The Immunology of Type 1 Diabetes Core provides logistic support to investigators examining autoimmune or type 1 diabetes or other endocrine autoimmunities. The Core is centered in the Department of Pathology and Immunology. The Core provides: i) assistance in the maintenance of various inbred mouse lines, including conventional non-obese diabetic (NOD) mice and NOD lines in which a variety of immune-relevant molecules has been deleted;ii) training in the maintenance and testing of diabetogenic strains;iii) expertise in, and training for, the isolation and examination of islets of Langerhans;iv) services for the generation of new diabetogenic mouse strains using Balb/c and NOD embryonic stem cells;and v) provision of isolated cells, cell lines, and monoclonal antibodies relevant for immunological research. During the past funding cycle, services were provided to 31 investigators, which represents a doubling of service provided compared to the prior funding cycle. This reflects, in part, increased utilization of the most frequently requested service, maintenance and provision of inbred strains. The increase also reflects the new services for provision of cell lines, isolated immune cells, antibodies and peptides. The Core provides service to and has helped to cultivate a diverse group of investigators at Washington University with a commitment to studying the pathogenesis and treatment of type 1 diabetes. Services from this Core were instrumental in facilitating high impact studies of the immunobiology of type 1 diabetes.
The Core provides services to facilitate the investigations of immunologists and diabetologists working to understand the pathogenesis of type 1 diabetes. The Core services are particulariy useful to faculty starting their own laboratories, or to faculty wishing to carry out pilot studies using autoimmune propensity mice. Importantly, this Core provides assistance with highly specialized immune models of type 1 diabetes that can be difficult to generate and propagate.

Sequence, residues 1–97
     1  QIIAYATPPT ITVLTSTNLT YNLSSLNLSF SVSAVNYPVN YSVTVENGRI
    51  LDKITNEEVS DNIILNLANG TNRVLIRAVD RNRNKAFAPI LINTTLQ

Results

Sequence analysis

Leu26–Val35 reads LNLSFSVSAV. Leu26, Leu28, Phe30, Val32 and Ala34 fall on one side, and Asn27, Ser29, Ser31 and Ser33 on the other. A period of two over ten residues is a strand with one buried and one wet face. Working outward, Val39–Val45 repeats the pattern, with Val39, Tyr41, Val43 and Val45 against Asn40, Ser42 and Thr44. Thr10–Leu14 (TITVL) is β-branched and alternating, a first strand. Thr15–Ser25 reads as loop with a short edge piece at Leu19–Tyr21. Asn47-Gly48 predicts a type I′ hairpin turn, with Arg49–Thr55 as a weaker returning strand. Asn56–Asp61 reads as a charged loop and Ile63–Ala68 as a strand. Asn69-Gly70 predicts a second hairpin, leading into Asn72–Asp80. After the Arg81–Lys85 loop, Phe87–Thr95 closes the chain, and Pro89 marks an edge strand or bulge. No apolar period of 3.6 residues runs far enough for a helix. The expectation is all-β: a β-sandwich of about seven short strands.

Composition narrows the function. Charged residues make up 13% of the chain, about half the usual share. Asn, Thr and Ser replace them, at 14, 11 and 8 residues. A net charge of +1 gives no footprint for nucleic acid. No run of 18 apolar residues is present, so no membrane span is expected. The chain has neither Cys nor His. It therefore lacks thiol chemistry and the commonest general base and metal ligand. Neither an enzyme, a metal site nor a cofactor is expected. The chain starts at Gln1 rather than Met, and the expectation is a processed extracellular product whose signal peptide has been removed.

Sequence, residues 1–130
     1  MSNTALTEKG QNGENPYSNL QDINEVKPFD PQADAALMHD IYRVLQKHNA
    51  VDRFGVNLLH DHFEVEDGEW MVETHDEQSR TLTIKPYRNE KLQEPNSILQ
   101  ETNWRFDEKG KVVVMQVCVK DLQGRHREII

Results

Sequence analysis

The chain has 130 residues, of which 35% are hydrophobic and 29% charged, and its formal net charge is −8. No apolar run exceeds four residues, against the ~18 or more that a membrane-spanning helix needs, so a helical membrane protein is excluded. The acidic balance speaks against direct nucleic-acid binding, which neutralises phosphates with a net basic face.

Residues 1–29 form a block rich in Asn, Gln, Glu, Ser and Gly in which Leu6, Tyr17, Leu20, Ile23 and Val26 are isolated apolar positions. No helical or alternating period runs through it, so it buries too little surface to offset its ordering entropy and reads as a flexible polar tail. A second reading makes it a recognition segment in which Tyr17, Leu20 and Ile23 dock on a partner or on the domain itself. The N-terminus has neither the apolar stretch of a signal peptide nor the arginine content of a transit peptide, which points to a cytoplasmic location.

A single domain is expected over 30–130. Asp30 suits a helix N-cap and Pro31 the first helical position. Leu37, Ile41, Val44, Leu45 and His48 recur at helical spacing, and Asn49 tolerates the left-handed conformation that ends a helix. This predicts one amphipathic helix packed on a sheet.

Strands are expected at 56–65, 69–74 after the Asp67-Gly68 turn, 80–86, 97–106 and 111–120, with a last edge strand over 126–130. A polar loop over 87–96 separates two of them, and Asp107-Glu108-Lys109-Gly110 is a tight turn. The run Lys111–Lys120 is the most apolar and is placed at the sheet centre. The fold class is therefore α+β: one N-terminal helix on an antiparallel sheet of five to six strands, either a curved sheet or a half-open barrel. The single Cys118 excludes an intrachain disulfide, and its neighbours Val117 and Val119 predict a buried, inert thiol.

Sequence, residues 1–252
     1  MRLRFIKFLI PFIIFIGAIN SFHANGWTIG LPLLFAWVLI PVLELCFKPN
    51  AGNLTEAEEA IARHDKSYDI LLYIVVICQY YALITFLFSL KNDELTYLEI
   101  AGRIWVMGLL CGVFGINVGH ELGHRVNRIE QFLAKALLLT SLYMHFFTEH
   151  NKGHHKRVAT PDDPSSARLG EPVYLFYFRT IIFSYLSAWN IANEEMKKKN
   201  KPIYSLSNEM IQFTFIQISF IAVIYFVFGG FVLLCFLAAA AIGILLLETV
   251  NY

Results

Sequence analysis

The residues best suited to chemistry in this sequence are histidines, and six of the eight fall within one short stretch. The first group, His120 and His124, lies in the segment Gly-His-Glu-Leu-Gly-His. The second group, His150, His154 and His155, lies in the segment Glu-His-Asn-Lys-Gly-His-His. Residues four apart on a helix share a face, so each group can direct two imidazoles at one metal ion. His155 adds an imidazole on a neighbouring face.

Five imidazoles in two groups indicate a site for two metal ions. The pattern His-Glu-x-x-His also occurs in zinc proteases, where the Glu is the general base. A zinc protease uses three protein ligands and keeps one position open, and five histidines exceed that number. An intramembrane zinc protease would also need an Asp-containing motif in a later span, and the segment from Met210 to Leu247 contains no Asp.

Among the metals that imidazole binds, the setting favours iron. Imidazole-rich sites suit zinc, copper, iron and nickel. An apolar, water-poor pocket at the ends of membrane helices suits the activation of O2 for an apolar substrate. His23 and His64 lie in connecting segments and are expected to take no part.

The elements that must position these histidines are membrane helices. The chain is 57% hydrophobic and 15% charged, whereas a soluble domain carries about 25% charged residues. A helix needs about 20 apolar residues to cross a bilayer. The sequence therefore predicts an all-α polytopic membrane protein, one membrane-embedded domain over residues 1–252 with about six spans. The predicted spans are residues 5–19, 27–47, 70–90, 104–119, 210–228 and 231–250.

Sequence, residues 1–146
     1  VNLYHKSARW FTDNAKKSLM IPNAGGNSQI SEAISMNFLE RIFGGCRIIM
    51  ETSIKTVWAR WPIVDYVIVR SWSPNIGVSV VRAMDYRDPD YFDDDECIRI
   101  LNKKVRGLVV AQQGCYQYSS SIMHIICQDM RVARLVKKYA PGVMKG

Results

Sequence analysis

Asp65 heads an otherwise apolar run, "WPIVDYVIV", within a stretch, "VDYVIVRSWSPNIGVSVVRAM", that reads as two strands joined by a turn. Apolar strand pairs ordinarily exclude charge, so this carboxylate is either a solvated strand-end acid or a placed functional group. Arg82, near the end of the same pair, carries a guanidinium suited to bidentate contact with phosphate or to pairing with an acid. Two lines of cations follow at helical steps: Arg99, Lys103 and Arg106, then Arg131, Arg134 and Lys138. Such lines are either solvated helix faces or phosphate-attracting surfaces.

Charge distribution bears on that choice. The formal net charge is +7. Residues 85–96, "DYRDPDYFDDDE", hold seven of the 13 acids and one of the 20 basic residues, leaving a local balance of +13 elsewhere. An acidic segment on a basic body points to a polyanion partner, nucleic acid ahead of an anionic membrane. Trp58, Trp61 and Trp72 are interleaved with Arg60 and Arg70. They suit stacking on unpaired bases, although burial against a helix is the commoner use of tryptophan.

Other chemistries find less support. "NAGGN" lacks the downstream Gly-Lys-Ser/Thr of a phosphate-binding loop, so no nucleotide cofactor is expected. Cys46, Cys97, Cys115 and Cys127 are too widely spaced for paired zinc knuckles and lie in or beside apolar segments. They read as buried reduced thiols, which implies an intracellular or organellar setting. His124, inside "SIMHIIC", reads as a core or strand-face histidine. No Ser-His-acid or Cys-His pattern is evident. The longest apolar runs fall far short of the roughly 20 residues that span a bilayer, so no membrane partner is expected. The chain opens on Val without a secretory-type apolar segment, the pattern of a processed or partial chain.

|Rhee, Julie S; Saben, Jessica L; Mayer, Allyson L et al. (2016) Diet-induced obesity impairs endometrial stromal cell decidualization: a potential role for impaired autophagy. Hum Reprod 31:1315-26|
|Burman, Blaire E; Bacchetti, Peter; Khalili, Mandana (2016) Moderate Alcohol Use and Insulin Action in Chronic Hepatitis C Infection. Dig Dis Sci 61:2417-25|
|Chondronikola, M; Harris, L L S; Klein, S (2016) Bariatric surgery and type 2 diabetes: are there weight loss-independent therapeutic effects of upper gastrointestinal bypass? J Intern Med 280:476-486|
|Jarad, George; Knutsen, Russell H; Mecham, Robert P et al. (2016) Albumin contributes to kidney disease progression in Alport syndrome. Am J Physiol Renal Physiol 311:F120-30|
|Siller, Alejandro F; Lugar, Heather; Rutlin, Jerrel et al. (2016) Severity of clinical presentation in youth with type 1 diabetes is associated with differences in brain structure. Pediatr Diabetes :|
|Lin, Jonathan B; Kubota, Shunsuke; Ban, Norimitsu et al. (2016) NAMPT-Mediated NAD(+) Biosynthesis Is Essential for Vision In Mice. Cell Rep 17:69-85|
|Chowdhury, Sara; Wang, Songyan; Dunai, Judit et al. (2016) Hormonal Responses to Cholinergic Input Are Different in Humans with and without Type 2 Diabetes Mellitus. PLoS One 11:e0156852|
|Westbroek, Wendy; Nguyen, Matthew; Siebert, Marina et al. (2016) A new glucocerebrosidase-deficient neuronal cell model provides a tool to probe pathophysiology and therapeutics for Gaucher disease. Dis Model Mech 9:769-78|
|Merriwether, Ericka N; Hastings, Mary K; Bohnert, Kathryn L et al. (2016) Impact of foot progression angle modification on plantar loading in individuals with diabetes mellitus and peripheral neuropathy. Edorium J Disabil Rehabil 2:15-23|
|Cato, M Allison; Mauras, Nelly; Mazaika, Paul et al. (2016) Longitudinal Evaluation of Cognitive Functioning in Young Children with Type 1 Diabetes over 18 Months. J Int Neuropsychol Soc 22:293-302|
Showing the most recent 10 out of 487 publications